The campaign against Proposition 53 has sharply picked up its fundraising in recent days, with Gov. Jerry Brown putting millions of dollars into the effort to defeat the Nov. 8 measure that would require a vote on state revenue bonds and potentially cripple the Brown-championed Delta water tunnel and bullet train projects.
Through Tuesday, the no-on-53 effort had raised $5.6 million since Oct. 12, significantly more than campaigns for or against any of the other 17 measures on next month’s ballot during that time. The infusion gives the measure’s opponents – Brown, construction unions and Indian tribes – a clear financial advantage over proponents heading into the final weeks of campaigning.
The no-on-53 campaign already is airing TV ads against the measure. Steve Maviglio, a spokesman for opponents, said the additional money will allow Brown and other members of the anti-53 coalition to step up the advertising as voters cast ballots by mail.
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“There are 17 measures on the ballot and it’s really difficult to break through all that noise,” Maviglio said. “The more voters find out about it the less they like it.”
Proposition 53 supporters have raised almost $4.8 million, all of it from Stockton-area agribusinessman Dean “Dino” Cortopassi and his wife, Joan. This month’s infusion brings opponents’ contribution total to $11.4 million.
“It sounds like the opposition is panicking because they know the proposition is resonating with Californians,” said Marie Brichetto, a spokeswoman for proponents.
The constitutional amendment would require revenue bonds above $2 billion to be approved by voters. Cortopassi has said the measure would help put the brakes on out-of-control state debt, but critics say the proposal would put vital projects at risk.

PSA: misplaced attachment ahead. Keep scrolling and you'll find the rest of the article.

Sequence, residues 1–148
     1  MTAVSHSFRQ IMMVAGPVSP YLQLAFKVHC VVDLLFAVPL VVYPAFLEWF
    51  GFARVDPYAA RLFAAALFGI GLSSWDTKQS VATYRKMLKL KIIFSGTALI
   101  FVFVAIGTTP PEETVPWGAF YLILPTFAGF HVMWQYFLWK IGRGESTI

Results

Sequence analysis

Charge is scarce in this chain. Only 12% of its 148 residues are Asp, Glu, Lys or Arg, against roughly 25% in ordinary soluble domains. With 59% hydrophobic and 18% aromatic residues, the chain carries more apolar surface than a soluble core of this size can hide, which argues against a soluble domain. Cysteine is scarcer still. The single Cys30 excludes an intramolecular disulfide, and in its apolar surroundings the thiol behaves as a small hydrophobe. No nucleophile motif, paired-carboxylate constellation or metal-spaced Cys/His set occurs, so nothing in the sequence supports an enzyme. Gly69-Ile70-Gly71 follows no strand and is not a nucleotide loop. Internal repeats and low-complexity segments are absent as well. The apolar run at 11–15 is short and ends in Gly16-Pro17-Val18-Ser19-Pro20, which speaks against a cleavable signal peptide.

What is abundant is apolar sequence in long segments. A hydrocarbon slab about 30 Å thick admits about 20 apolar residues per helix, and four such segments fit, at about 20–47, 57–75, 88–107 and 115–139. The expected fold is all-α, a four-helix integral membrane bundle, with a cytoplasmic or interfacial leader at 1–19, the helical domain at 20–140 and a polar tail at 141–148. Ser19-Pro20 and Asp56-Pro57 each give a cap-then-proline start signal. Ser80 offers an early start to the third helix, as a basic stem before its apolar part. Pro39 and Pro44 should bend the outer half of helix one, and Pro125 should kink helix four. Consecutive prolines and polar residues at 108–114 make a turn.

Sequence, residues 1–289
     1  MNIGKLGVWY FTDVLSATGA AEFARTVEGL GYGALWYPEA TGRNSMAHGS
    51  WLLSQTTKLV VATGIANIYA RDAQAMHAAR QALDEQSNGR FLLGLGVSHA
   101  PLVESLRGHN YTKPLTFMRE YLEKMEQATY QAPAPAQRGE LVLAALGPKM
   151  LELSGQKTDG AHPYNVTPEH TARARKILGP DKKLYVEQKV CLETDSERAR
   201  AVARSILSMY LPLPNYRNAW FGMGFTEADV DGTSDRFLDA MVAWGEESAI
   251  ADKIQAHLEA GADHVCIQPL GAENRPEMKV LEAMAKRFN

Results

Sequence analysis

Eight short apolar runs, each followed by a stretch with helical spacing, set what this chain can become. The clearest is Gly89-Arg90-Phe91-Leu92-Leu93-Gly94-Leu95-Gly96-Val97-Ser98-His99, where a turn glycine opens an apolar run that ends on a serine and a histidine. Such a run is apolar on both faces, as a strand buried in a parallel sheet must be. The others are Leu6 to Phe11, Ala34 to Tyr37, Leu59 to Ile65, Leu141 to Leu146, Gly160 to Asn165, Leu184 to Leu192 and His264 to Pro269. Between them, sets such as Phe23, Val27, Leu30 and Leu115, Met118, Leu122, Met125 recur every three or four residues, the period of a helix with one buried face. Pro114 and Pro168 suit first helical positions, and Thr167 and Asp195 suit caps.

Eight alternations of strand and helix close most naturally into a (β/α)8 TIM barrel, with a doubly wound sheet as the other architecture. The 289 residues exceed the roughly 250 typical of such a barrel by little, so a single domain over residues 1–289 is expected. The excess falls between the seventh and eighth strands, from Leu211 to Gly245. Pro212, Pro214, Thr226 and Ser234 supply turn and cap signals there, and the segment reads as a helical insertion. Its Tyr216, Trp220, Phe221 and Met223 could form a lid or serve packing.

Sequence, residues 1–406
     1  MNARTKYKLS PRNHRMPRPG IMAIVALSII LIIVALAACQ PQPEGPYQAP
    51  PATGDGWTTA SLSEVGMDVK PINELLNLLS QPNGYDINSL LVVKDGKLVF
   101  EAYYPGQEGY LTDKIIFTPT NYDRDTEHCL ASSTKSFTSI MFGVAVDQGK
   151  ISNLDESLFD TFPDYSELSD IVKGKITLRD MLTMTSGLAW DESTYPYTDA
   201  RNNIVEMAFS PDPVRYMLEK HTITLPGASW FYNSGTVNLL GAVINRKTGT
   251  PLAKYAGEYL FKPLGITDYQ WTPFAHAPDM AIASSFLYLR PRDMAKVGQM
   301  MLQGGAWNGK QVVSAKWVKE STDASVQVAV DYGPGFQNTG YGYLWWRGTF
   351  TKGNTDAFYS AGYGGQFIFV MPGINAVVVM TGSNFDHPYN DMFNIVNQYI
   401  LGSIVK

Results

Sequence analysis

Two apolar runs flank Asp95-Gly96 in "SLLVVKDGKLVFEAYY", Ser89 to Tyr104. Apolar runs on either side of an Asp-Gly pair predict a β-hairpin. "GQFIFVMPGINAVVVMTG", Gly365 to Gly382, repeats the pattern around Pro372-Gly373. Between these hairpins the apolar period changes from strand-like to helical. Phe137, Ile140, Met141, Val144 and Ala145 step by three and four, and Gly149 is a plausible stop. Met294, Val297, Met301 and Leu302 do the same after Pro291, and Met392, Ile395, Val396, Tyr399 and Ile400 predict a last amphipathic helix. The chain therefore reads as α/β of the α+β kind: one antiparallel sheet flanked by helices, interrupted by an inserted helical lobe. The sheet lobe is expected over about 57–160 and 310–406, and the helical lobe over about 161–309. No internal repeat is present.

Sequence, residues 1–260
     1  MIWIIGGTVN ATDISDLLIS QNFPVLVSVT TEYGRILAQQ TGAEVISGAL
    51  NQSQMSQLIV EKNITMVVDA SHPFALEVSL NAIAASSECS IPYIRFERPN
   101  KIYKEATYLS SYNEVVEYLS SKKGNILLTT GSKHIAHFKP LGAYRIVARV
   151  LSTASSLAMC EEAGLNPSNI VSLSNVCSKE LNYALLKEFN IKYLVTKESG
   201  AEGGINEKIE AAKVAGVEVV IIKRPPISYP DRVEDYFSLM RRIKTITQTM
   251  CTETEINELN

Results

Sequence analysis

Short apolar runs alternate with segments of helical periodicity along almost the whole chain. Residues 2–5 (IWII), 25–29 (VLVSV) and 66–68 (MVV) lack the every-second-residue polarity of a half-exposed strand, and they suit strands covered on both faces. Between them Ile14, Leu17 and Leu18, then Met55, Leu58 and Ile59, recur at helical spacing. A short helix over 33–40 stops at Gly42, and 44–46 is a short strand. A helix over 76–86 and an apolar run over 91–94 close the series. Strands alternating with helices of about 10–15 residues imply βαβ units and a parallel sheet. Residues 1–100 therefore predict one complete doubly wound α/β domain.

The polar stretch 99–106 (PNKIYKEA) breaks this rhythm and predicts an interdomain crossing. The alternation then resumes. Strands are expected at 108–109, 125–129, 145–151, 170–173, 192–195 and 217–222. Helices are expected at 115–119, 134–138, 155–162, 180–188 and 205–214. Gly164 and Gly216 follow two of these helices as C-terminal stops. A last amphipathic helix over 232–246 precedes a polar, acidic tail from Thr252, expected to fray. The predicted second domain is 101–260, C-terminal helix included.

The Legislative Analyst’s Office, in its review of the measure, said most state revenue bond projects likely wouldn’t reach the $2 billion threshold triggering a public vote. Two that might: the project to build twin tunnels through the Sacramento-San Joaquin Delta and the high-speed rail system if they rely on revenue bonds.
Of the top no-on-53 donors in recent days, the campaign Monday reported receiving $2.4 million from Brown’s 2014 re-election committee. That is in addition to $1.7 million the committee gave the campaign earlier this month.
Brown’s spending to defeat Proposition 53 nearly equals how much the governor has invested in passing Proposition 57, the parole overhaul measure he sponsored that has received $4.14 million from Brown’s ballot measure committee.
Cortopassi, in a later statement through the yes-on-53 campaign, criticized Brown’s donations to defeat his measure.
“It’s unfortunate that Governor Brown, who campaigned on giving voters more say, is leading the effort to oppose (Proposition) 53, which would give voters a voice on the state’s largest megaprojects,” said Cortopassi, who helped raise money for Brown’s 2006 campaign for attorney general.
Other big-dollar donors to no-on-53 in recent days include two tribes with casinos, the San Manuel Band of Mission Indians and the Lytton Rancheria near Santa Rosa, Silicon Valley venture capitalist L. John Doerr, insurance giant Mercury General Corporation, and publisher Larry C. Flynt.
Through Tuesday, supporters and opponents of all measures on next month’s ballot had reported raising about $360 million since Jan. 1, 2015.